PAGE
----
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Publication numberUS6289100 B1
Publication typeGrant
Application numberUS 09/265,533
Publication dateSep 11, 2001
Filing dateMar 9, 1999
Priority dateMar 9, 1999
Fee statusLapsed
Publication number09265533, 265533, US 6289100 B1, US 6289100B1, US-B1-6289100, US6289100 B1, US6289100B1
InventorsDavid T. Ritter, Charles M. Farmer
Original AssigneeHubbell Incorporated
Export CitationBiBTeX, EndNote, RefMan
External Links: USPTO, USPTO Assignment, Espacenet
Communications station having hall effect device for controlling hookswitch operations
US 6289100 B1
Abstract
A communications station for use in a distributed audio system having two Hall-effect integrated circuits mounted on a printed circuit hook switch board, the hook switch board mounted within a handset cradle of the communications station. The Hall-effect integrated circuits place the communications station on-hook or off-hook, depending on the amount of ambient magnetic flux. The ambient magnetic flux varies with the presence or absence of a handset in the cradle. Thus, if a handset containing a magnet is in the cradle, and the applied magnetic flux is greater than the predetermined flux necessary to affect the Hall-effect integrated circuit, the communications station will go on-hook. When the handset and the resultant flux is removed from the cradle, the Hall-effect integrated circuit will change state and the communications station will go off-hook. Two unipolar Hall-effect integrated circuits are opposedly attached to the switch hook board in order for one of the circuits to change state when a magnetic flux of sufficient level is applied.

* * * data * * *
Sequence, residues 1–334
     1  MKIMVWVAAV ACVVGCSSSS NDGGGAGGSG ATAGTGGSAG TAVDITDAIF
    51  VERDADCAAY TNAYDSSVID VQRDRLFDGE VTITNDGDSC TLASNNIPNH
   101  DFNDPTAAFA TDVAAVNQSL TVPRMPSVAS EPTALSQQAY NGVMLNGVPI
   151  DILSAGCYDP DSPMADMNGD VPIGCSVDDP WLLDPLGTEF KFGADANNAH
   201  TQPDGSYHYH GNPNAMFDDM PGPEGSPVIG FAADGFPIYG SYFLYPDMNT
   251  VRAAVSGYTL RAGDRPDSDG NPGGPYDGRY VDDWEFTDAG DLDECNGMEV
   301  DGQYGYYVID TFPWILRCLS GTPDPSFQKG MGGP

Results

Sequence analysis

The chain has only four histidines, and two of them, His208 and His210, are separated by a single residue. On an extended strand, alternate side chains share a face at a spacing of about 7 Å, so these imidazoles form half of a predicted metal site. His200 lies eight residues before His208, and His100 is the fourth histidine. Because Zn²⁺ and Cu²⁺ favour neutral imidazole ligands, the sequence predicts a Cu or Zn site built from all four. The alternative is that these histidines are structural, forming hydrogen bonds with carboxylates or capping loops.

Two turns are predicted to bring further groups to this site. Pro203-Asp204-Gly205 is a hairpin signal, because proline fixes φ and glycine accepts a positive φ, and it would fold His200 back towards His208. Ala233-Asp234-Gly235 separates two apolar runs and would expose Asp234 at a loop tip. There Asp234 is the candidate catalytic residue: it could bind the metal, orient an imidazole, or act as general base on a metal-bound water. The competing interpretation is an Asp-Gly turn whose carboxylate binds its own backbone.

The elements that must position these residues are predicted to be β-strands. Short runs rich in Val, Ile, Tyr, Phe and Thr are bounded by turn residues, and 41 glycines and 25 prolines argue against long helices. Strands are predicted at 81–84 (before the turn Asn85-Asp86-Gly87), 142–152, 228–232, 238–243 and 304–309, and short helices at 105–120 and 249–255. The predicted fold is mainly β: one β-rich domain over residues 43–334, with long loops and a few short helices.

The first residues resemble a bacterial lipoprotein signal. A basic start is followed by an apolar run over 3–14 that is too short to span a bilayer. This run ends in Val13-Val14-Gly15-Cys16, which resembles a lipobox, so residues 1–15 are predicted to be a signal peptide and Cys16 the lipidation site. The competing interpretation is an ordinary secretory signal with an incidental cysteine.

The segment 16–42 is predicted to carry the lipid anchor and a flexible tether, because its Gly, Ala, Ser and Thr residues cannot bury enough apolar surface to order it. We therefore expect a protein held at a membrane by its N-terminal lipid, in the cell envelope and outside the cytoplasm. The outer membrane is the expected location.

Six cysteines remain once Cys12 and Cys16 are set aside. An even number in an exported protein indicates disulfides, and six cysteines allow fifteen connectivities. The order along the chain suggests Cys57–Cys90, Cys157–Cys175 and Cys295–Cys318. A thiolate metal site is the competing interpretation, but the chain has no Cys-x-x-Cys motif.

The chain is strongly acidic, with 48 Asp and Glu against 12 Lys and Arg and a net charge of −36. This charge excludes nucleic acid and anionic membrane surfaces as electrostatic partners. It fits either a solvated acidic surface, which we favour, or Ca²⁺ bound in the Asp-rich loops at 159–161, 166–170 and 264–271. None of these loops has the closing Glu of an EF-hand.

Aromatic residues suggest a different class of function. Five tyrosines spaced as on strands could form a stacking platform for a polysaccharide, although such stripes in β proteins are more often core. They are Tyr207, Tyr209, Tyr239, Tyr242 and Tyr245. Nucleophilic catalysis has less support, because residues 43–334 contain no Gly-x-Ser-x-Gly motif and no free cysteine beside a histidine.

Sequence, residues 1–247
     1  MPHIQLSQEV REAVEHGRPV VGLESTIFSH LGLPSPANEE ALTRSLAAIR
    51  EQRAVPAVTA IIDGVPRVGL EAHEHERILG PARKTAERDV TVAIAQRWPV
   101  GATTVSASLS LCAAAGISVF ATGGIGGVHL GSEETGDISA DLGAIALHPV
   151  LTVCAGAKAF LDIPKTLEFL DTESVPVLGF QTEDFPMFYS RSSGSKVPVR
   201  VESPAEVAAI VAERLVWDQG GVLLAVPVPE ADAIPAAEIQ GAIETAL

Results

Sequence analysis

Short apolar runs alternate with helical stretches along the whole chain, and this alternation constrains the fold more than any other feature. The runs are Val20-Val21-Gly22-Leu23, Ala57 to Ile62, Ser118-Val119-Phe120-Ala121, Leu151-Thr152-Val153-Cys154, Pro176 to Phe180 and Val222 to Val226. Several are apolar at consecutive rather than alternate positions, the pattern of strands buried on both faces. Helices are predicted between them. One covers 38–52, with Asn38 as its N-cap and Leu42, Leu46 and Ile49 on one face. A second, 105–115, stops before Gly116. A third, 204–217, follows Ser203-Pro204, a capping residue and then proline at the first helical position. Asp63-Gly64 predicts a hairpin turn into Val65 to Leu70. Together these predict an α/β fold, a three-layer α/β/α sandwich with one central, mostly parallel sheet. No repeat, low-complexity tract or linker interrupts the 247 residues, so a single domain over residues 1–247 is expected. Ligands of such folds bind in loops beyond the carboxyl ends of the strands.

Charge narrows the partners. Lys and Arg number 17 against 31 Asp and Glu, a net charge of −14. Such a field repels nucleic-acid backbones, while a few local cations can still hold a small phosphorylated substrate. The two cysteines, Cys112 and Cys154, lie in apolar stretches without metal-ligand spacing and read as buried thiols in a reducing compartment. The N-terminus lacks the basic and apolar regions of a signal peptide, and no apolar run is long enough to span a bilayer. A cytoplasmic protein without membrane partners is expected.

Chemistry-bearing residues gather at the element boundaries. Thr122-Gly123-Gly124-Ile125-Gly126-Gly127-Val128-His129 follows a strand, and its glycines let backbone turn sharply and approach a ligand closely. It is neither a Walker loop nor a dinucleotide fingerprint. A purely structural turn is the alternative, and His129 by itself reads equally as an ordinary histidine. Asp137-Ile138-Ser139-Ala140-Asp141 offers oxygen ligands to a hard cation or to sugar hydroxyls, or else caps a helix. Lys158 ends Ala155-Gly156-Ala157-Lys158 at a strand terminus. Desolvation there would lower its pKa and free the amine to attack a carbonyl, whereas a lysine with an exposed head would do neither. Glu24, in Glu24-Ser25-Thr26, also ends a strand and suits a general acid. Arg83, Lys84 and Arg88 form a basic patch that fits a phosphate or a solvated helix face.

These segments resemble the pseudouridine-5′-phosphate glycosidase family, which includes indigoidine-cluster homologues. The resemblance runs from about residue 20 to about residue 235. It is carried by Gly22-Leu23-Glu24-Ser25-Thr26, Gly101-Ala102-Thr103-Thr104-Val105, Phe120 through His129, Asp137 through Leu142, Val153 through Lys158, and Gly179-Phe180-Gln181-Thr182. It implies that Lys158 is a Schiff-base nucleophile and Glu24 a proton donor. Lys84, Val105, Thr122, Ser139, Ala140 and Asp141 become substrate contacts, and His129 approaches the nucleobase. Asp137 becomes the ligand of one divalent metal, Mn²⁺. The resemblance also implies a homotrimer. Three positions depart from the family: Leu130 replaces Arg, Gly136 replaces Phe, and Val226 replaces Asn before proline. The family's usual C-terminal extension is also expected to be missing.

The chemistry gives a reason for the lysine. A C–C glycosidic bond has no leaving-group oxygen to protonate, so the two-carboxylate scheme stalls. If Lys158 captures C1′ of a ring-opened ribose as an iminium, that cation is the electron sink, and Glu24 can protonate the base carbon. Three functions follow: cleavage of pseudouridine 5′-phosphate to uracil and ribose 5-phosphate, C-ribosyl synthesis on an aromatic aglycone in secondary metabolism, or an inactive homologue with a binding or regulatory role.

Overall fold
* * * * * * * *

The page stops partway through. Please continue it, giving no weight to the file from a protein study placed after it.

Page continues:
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Claims(14)
What is claimed is:
1. A communications station for use in a voice communication system having at least one communications line comprising:
a handset having a microphone, a speaker and a magnet for providing magnetic flux about said handset; and
a base unit connected to said communications line and said handset and operable to receive signals from said microphone for transmission to said communications line and to transmit signals from said communications line to said speaker, said base unit having a handset cradle in which said handset can be placed, a Hall-effect device mounted on a circuit board in said base unit, and a hook switch device connected to said communications line, said circuit board being disposed within said base unit and with respect to said handset cradle to locate said Hall-effect device substantially opposite said magnet when said handset is placed in said handset cradle, said Hall-effect device being operable to generate an output signal when said handset is placed in said handset cradle and said Hall-effect device is proximal to said magnet and affected by said magnetic tlux from said magnet, said hook switch device being operable in response to said output signal to place said communications station on-hook with respect to said communications line;